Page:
The perfectly thrown foot- ball, moving at a high rate of speed, makes a ripping sound as it leaves the hand, something between a whoosh and a mortar launch. If you stand beneath its path you can hear its hard whistle, an oblong arrow in flight. If you're 40 yards downfield, the whistle gets louder and then the ball is on you, faster and heavier than you'd have predicted, a warhead, not an arrow, dialing in. The safest way to catch it is to spread your hands wide and try to grab the sides of it going by. Should the nose of the ball hit you in the palms or chest, you stand a fine chance of a deep edema or a four-dot shiner on your sternum that stabs like a dagger when you breathe.
Despite the rain and bluster of a raw March weekend in a manicured hilltop stadium near Pasadena, California, you hear that sound a lot over the course of the two-day session of the DeBartolo Sports University's quarterback academy. Almost a hundred of the best young passers in the country have come from 32 states to learn at the foot of a master. His name is Steve Clarkson, and he has sent a procession of teenage phenoms to premium college programs and then to the NFL. Ben Roethlisberger, Matt Leinart, Colt Brennan, J.P. Losman, the Clausen brothers Jimmy and Casey – the list of famed alumni goes on and on, and there are more right behind them in the pipeline. Over there, running bootlegs, is the Next Tom Brady, a high school senior by the name of Matt Barkley who's bagged every award an underclassman can win and is promised to USC. Behind him is Jake Heaps, a junior from Seattle, who at 15 already has interest from a half dozen Pac-10 and Mountain West schools. Joe Montana sends his sons to Clarkson. Will Smith, Wayne Gretzky, and Snoop Dogg do likewise. And less famous but well-heeled parents have brought their big-armed boys to learn from the most accomplished private quarterback coach the sport has ever produced. Clarkson's fees are sky-high – $650 for these weekend camps, and $700 an hour for private sessions, with a minimum commitment of a year – but the aim of his students is higher still: to become a three-year starter at a Division-1 power, get drafted into the league as a franchise-in-waiting, and spend a year or two toting a clipboard before gaining admission to the most exclusive sodality in professional athletics – the NFL Starting Quarterbacks Club. Current membership: 32 and holding firm.
At Clarkson's camp there's no time for standard drills or leisurely one-hand touch, as groups of 10 shuttle from strength-and-speed sessions to intense film study with ex-NFL coaches, then take the field again for inch-by-inch breakdowns of their throwing mechanics. Clarkson, as brawny as a drill instructor and every bit as deft with an insult, spares no one, not even Barkley, the Gatorade player of the year, hailing bad passes with deadpan barbs like "You just sent your receiver to intensive care. Are you going to call his parents or should I?"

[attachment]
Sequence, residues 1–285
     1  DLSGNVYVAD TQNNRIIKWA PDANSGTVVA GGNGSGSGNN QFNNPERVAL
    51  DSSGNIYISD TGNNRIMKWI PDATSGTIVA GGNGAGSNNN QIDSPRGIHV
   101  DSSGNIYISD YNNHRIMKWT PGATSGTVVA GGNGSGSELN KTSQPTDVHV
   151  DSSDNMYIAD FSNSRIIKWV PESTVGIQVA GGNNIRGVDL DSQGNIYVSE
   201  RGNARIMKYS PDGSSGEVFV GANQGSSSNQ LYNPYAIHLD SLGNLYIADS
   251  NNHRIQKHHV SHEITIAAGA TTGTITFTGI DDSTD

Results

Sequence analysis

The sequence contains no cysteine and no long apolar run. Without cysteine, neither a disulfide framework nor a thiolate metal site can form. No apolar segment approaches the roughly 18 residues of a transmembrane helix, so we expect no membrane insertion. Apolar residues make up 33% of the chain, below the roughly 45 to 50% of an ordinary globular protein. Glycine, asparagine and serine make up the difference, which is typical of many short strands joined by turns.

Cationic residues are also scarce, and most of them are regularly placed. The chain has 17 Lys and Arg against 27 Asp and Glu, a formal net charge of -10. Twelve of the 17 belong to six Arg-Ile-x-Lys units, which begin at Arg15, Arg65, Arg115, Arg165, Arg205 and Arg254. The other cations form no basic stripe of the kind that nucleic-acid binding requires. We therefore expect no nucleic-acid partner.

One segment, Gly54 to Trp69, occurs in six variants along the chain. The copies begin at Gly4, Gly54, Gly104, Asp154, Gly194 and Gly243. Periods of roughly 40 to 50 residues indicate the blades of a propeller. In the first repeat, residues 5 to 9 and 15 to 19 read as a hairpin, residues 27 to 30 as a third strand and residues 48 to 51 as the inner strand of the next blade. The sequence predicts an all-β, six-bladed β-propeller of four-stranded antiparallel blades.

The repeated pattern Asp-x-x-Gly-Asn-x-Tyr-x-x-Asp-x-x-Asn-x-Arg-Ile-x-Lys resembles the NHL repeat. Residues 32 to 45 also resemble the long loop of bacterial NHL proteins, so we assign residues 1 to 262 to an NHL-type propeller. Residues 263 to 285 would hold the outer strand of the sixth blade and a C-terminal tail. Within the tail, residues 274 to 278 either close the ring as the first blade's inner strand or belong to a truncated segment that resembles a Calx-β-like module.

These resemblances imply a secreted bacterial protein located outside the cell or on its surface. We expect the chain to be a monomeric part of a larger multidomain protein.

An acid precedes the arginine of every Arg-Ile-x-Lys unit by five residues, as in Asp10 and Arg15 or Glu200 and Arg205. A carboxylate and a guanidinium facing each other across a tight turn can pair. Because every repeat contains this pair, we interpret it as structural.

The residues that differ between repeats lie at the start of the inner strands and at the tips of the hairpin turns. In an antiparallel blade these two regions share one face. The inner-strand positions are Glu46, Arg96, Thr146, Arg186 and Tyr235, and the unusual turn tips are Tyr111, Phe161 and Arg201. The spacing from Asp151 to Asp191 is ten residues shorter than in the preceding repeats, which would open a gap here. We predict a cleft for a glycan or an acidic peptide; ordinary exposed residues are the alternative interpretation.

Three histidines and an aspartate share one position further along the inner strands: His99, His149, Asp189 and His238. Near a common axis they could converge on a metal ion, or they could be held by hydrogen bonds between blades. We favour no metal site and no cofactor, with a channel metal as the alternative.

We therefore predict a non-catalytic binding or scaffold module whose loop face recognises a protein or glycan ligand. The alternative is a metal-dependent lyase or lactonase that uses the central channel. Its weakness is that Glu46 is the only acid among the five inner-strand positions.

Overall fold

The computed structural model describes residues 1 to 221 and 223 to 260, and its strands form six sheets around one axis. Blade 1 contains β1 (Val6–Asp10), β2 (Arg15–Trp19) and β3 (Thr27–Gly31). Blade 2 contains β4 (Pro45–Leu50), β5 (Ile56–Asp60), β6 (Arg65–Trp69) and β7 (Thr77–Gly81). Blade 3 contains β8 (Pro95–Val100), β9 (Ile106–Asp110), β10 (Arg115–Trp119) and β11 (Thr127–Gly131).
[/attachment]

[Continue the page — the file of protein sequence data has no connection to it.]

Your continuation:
On a field with dozens of 6-foot-2 high school sophomores who've already made their name on scouting sites and YouTube dossiers, it isn't easy picking out an unmapped star, a kid not on the radar by 14. But by and by, your eye locks onto a boy whose feet are as much the story as his arm. Though absurdly tall for his age, he glides on tiptoe through his five-step drops, bouncing to unload another head-high spiral, football as ballet in two-inch cleats. A good deal of passing happens below the waist, and Clarkson spends years teaching blue-chip talents how to open up their hips and transfer weight. Max Wittek learned it cold in a couple of months and is so far along the learning curve that Clarkson can't help but gawk. "Rarely does anyone get it that quick," he says, watching Max work through his progressions. "What he's picked up in a year is off the charts – but don't even think of saying I said that."
When his father brought him to Clarkson in the spring of '07, Max was so raw that Clarkson almost sent him home, half-convinced he wasn't worth the bother. Six months later Clarkson sat his parents down and told them their son's talent was sufficiently robust that he'd be best served by moving from Norwalk, Connecticut, to a passer-friendly high school in California. At great personal cost, the parents, who were never married and are no longer together, agreed. Max's mom followed her son out to a suburb of Los Angeles, and the father visits from his home near San Francisco. This fall Max, a shy 15-year-old kid who has never been on a date unchaperoned, will attend Mater Dei, the Santa Ana prep school that has turned out two Heisman winners. At Mater Dei, he'll back up Barkley in his swan-song season, then compete for the starting slot in '09.
But that's not the kicker in this passion play about talent and its all-points pursuit. No, the kicker is what Max's and other families have staked for a preposterously small shot at pro stardom: thousands of dollars, forfeited vacations, marital breakups, and, in the case of at least one prominent 12-year-old at this camp, an aggressive doping program.